Let’s Talk Pronouns

From above of composition made of letters with inscription Gender is a spectrum placed on pink background in studio
Image from Pexels

It is interesting to see how language and pronouns go together. If I look at the 3 languages, I know English is the one that can be more genderfluid. In Maltese and Italian, you need to use male or female pronouns very often. Making it easier to misgender a trans person. Recently I had a day where everyone misgendered me to the point where I misgendered myself.

It can be really tough to keep upbeat when everyone uses the wrong pronoun when talking about you. I mean, most days, I can brush off my shoulder as if it was dust. Comparing the perfect day to the bad one is like comparing the weight of a pebble to a ton of bricks. Since I know that Maltese is very gendered based when you speak it, I tend to switch to English in the hopes that I continue the conservation in English to avoid any tongue slip.

To me, it also depends on who says it and the situation I’m in is. For example, if I’m answering a call at work and the client uses female pronouns, I roll with it. If my close family, such as my parents or my sister, it hurts, but I understand that they knew me for years with a different name and gender. What is most painful is when a transgender person misgenders me because they know the feeling and still do as if it was nothing.



9 thoughts on “Let’s Talk Pronouns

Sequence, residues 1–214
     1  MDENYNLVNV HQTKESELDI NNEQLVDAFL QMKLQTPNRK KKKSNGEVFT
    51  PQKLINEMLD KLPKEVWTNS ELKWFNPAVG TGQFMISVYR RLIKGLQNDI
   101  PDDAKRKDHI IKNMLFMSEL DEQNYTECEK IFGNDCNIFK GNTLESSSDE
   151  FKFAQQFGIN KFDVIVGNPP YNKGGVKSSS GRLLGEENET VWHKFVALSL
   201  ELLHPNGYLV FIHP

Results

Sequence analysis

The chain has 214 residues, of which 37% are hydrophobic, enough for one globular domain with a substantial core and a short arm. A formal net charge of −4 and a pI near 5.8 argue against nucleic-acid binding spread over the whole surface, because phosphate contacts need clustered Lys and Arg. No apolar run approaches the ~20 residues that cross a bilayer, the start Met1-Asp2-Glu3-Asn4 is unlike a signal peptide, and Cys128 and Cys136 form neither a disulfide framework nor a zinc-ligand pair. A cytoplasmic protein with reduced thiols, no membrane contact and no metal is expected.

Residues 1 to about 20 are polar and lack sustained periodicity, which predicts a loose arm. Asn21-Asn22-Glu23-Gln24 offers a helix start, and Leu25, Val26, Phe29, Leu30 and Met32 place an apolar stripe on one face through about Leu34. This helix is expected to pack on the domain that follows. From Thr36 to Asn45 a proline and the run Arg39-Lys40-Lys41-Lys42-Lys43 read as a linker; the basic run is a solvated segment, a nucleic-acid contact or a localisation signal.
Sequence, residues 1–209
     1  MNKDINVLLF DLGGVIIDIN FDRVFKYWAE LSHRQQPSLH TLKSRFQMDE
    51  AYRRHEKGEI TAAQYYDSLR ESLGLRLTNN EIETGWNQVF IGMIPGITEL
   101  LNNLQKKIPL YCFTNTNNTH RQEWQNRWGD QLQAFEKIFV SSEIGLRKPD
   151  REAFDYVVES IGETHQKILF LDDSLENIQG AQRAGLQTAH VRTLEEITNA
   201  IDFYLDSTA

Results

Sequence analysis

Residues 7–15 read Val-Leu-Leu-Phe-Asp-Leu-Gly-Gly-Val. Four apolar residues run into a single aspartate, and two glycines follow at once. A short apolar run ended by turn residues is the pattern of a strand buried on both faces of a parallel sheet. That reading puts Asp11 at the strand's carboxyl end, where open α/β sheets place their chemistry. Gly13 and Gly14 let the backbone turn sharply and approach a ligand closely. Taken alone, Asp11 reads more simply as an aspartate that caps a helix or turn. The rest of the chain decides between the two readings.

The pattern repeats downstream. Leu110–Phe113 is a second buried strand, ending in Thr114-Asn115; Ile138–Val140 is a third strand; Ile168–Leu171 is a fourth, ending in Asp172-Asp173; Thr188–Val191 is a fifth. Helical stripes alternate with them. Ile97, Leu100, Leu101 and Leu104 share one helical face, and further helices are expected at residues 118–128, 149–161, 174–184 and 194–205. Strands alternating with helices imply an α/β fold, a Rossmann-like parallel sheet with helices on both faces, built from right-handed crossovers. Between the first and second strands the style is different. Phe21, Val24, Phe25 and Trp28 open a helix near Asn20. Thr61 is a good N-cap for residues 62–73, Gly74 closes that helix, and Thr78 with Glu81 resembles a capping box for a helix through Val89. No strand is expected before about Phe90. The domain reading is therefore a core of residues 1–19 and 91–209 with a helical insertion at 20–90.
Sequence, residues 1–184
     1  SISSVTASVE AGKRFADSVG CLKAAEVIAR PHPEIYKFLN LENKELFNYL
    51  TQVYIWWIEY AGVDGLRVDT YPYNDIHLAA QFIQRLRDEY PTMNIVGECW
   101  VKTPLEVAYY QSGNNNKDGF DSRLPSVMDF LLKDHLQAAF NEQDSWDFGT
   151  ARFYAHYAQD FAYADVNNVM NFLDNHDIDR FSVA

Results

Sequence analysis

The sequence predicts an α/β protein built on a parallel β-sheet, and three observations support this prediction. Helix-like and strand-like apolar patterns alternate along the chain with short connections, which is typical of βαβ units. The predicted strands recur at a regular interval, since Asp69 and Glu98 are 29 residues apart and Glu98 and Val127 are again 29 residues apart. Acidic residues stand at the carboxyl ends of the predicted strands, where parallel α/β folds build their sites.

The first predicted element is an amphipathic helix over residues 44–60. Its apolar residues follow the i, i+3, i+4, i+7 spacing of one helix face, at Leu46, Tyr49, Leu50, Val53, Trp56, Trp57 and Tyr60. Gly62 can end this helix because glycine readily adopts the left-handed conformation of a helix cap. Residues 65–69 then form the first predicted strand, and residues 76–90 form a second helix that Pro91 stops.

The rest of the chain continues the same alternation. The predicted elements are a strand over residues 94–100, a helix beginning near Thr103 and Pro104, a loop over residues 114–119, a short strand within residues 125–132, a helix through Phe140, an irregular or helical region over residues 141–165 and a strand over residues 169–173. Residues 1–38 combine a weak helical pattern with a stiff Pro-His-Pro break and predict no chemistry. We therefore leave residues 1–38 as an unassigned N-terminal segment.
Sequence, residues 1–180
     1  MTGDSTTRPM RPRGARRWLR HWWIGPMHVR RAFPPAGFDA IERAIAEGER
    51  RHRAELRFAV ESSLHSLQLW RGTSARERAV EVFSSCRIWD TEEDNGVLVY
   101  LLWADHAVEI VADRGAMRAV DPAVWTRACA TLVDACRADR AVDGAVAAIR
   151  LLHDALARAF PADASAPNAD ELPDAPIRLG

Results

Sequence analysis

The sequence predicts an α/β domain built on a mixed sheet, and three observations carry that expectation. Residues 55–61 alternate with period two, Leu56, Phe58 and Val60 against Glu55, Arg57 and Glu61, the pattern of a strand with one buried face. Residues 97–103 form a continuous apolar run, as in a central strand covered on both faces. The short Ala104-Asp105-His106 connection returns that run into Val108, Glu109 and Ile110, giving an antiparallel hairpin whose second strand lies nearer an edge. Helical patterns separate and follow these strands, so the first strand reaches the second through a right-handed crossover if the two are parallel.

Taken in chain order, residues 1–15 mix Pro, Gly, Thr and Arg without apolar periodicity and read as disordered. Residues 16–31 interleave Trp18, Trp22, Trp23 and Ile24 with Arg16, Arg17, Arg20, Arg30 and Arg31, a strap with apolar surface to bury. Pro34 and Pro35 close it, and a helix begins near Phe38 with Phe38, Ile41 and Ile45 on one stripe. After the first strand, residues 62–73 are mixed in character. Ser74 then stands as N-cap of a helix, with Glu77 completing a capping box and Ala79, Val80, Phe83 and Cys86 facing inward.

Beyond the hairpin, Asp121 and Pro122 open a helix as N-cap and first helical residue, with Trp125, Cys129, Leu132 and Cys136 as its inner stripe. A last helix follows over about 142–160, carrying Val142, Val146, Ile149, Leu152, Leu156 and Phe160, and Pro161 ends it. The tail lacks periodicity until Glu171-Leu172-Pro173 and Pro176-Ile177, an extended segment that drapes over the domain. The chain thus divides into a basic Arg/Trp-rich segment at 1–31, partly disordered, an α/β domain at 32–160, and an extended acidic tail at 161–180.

1. This is such an interesting post. When I was learning Spanish in college, I got stuck trying to figure out how gender neutral pronouns would work in such a gender-based language. I loved that the book Cemetery Boys talked some about this!

    Liked by 1 person

  2. Spanish is an interesting case. Stateside, I see a lot of LGBT websites now trying to use “x” to be inclusive, e.g. “latinx” instead of “latino/a”. However, a friend of mine, who is Latino, finds it offputting, because it turns out it’s not Latinos writing these “inclusive” articles, it’s just white-dominated media organisations trying to do the right thing, but they didn’t really poll or talk to people of Hispanic or Latino heritage when trying to advocate for this kind of language. Yes, some in the Hispanosphere love it, but the vast majority still hate it; but then I am comparing cis Hispanics with trans Hispanics.

    I am not Latino/Hispanic, but I do speak it. What I love doing is thinking about old writing exercises I used to do in school and uni, and redoing them in the male gender. Oh the arguments I had with Spanish teachers how I preferred using the masculine, not feminine, endings in my writing exercises…

    Liked by 1 person

      1. I am also not saying my friend(s) represent the majority of non-binary or inclusivist Latinos. This particular friend was right to state that it seems that the cultural dominant forces in our country are trying to enforce their idea of “inclusivity” onto a cultural and political minority without including their voices in the discussion.

        Liked by 1 person

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